An Introduction to Wild Camping in the UK

If you’re interested in sleeping outside in one of our remote places, we have compiled our answers to some common questions from others who are just thinking of getting into wild camping.

I’m sure you’ve seen the photos on Instagram or watched “Wild camping Youtube” and seen people, just like you and me, pitching their tents high up on the slopes of Snowdonia, in the Highlands of Scotland or on the moors of Devon and thought “Holy Smokes that looks cool”. But as with any new adventure you may have some apprehension about heading out with just a tent and a stove for company.

What do you need? Where can you go? Is it even legal to just pitch a tent on a hill? and what about the toilet? Hopefully my experiences wild camping can help answer some of those burning questions.

what is wild camping

Very simply, wild camping refers to the act of spending the night outdoors, in nature.

You go for a hike, find a nice spot to camp and sleep there. Of course there are no facilities like on a traditional campsite but it’s this back to basics approach, along with the solitude and connection to the landscape that is bringing more and more people to wild camping

It’s an approach traditionally used by long distance hikers who travel light and carry the most basic kit but more and more people are taking a few home comforts with them and finding great joy in just spending time in our wild spaces

where can you go wild camping in the uk

At the moment, wild camping is only legally allowed in Scotland, where they have reformed land access to allow RESPONSIBLE access and wild camping in most of the country, and on parts of Dartmoor National Park in Devon where bylaws allow for camping as part of a walking or hiking trip.

Outside of Scotland and Dartmoor wild camping falls under the Vagrancy Act of 1824 (Yes 1824, thats not a typo) However as almost all land is owned by someone, if you gain permission from the landowner, you can camp anywhere.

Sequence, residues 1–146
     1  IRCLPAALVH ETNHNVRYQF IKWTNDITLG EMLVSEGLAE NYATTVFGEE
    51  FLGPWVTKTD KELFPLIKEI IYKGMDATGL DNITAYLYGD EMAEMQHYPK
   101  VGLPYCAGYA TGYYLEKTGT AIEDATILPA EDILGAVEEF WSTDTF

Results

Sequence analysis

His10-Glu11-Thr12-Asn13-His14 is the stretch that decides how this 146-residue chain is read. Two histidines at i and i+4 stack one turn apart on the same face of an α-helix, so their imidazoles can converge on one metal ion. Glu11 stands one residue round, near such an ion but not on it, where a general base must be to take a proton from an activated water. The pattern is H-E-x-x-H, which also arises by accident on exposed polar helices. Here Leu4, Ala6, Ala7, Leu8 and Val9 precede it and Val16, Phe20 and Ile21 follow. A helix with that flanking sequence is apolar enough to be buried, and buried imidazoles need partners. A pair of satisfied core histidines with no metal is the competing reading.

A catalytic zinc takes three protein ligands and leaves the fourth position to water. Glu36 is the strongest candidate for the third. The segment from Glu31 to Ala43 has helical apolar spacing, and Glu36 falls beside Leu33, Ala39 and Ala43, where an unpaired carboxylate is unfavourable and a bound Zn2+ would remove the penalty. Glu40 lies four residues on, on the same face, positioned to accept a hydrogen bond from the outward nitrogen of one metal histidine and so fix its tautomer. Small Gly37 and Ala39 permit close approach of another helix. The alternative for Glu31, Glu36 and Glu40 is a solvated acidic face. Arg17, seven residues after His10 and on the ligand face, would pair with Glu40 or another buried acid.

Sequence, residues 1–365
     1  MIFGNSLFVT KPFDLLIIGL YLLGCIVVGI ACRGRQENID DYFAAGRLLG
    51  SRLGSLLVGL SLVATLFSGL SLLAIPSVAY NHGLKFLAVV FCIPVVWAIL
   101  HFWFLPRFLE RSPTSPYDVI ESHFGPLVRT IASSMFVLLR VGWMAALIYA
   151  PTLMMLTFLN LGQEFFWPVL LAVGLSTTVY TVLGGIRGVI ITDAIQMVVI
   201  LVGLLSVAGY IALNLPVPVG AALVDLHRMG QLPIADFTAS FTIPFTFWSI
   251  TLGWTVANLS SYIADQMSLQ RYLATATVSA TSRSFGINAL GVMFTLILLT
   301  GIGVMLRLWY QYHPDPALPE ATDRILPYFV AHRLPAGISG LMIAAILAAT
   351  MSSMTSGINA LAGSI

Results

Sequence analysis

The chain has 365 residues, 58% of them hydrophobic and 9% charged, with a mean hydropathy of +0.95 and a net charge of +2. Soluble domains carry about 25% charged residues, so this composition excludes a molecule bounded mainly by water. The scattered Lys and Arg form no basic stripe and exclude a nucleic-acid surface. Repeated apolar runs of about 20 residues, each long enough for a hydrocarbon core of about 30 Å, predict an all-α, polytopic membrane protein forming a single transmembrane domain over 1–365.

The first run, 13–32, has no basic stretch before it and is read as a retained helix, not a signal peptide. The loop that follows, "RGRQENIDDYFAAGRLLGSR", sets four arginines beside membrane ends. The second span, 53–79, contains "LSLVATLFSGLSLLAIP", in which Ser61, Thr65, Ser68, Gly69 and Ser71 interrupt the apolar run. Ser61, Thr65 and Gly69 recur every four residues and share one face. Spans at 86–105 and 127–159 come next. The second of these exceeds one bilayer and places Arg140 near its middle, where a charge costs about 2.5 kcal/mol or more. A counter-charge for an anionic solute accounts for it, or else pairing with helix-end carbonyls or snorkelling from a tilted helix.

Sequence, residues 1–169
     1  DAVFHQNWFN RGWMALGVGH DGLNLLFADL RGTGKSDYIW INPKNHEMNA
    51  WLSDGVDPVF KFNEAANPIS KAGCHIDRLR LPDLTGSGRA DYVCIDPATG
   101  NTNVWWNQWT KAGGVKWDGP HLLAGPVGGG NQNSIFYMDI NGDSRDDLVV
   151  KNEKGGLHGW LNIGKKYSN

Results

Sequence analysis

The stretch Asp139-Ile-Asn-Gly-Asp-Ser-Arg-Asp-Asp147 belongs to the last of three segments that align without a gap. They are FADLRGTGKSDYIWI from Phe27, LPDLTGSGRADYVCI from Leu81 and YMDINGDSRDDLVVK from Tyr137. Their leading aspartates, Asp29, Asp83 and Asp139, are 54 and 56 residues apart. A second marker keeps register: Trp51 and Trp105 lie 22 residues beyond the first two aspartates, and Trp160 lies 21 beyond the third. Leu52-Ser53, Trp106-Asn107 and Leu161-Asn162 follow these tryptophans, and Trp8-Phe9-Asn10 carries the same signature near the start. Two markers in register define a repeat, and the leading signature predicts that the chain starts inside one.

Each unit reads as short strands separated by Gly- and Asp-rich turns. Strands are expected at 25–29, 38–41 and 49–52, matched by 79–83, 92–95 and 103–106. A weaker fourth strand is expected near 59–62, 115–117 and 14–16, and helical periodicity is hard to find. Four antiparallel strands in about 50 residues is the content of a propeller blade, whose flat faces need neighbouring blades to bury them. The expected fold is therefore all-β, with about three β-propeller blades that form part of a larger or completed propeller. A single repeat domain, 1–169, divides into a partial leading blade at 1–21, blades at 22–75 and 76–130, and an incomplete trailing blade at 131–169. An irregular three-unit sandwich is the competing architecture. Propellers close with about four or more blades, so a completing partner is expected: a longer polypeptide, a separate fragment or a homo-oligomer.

However, large parts of the country have a long tradition of wild camping. The old adage of “pitch late, leave early” has served all parties well, despite the nuisance of irresponsible campers.

If you are camping in one of our wonderful National Parks and are challenged by a land owner or Park Ranger, its best to just move on to another spot. Personally, I have wild camped in many of our National Parks over many years and have never been asked to move on. I’ve even had park staff point me in the direction of a good spot!

Let’s be blunt. The police have much better things to do than arrest you for sleeping on a hill so as long as you behave responsibly, don’t leave a mess and move on if you’re asked to then you shouldn’t have any bother.

If you’re fortunate to be in Scotland or near Dartmoor just get out there and have some fun and wherever you choose to wild camp, just remember a few “golden rules”

our golden rules of wild camping

  • Pitch late and leave early
  • Leave no trace
  • Keep groups small
  • Don’t light fires. Ever. Unless it’s a survival situation there’s no need.
  • Dig your “facilities” at least 30m from water and paths
  • Don’t be a nuisance or a noisy bugger. The sound of a bluetooth speaker travels a long way in the still of the night.
  • Hand Sanitiser is your friend. Don’t trust anyone who doesn’t take it wild camping. The last thing you want is bad guts and no facilities. Trust me.